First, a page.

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RECORD NUMBER: 267 OF 268

OLS Field Name OLS Field Data
Main Title Water Vapor Monitor Using Differential Infrared Absorption.
Author Burch, Darrel E. ; Goodsell, David S. ;
CORP Author Ford Aerospace and Communications Corp., Newport Beach, CA. Aeronutronic Div.;Environmental Sciences Research Lab., Research Triangle Park, NC.
Year Published 1981
Report Number EPA-68-02-3238; EPA-600/2-81-162;
Stock Number PB82-114422
Additional Subjects Water vapor ; Monitors ; Infrared spectroscopy ; Particles ; Air pollution ; Performance evaluation ; Concentration(Composition) ; Mass ; Design criteria ; Filters ;
Holdings
Library Call Number Additional Info Location Last
Modified
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Status
NTIS  PB82-114422 Most EPA libraries have a fiche copy filed under the call number shown. Check with individual libraries about paper copy. NTIS 06/23/1988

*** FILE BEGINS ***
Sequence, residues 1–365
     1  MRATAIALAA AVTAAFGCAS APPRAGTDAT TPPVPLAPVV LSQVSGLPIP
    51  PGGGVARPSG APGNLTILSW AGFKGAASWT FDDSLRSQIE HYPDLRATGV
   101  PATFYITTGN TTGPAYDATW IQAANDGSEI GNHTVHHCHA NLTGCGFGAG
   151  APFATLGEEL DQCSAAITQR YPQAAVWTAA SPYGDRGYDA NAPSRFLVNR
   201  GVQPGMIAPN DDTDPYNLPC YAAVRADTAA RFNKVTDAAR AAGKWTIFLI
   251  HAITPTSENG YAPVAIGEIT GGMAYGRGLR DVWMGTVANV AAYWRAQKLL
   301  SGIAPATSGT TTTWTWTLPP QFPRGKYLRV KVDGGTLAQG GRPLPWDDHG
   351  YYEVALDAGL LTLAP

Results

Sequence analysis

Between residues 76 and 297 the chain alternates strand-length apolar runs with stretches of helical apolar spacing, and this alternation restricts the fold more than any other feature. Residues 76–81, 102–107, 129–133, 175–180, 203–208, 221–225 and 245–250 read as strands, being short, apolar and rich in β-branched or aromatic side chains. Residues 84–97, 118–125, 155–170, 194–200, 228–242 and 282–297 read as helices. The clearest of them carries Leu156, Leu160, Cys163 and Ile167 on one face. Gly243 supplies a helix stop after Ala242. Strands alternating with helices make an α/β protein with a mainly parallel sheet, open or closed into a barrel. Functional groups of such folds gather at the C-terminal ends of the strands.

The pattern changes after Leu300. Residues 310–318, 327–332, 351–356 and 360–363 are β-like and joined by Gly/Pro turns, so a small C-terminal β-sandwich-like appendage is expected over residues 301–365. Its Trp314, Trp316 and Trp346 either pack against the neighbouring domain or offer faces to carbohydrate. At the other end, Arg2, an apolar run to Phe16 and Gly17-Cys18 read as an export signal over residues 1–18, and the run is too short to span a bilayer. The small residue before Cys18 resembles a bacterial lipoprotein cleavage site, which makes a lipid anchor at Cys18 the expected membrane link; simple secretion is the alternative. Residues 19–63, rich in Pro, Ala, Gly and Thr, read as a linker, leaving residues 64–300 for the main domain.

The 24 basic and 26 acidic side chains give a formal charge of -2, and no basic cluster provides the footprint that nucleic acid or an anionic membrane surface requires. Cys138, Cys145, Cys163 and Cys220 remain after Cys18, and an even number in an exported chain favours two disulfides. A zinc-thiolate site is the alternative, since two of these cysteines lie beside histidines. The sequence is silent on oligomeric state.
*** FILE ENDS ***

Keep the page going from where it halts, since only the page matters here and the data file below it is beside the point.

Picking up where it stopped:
Collation 36p
Abstract
A water vapor monitor has been developed with adequate sensitivity and versatility for a variety of applications. Two applications for which the instrument has been designed are the continuous monitoring of water in ambient air and the measuring of the mass of water desorbed from aerosol filters. The sample gas may be held static, or it may flow continuously through the 56 cc sample cell, which is temperature controlled at 45 degrees C. Infrared energy from a tungsten-iodide bulb passes through a rotating filter wheel and the sample cell to a PbS detector. The infrared beam passes through the sample gas twice to produce a total optical path of 40 cm. As the filter wheel rotates at 1800 rpm, the infrared beam passes alternately through two semicircular narrow bandpass filters; one is centered in a spectral region of strong absorption and the other is centered nearby in a region of weak absorption. Absorption by the water vapor in the sample produces a 30-Hz modulation of the detector signal that is proportional to the water concentration. The zero-setting of the monitor is maintained quite stable by controlling the temperatures of the detector and the filters. The r.m.s. noise level corresponds to approximately 3 ppm of water. The maximum concentration that can be measured accurately is approximately 5%; higher concentrations could be measured by shortening the sample cell.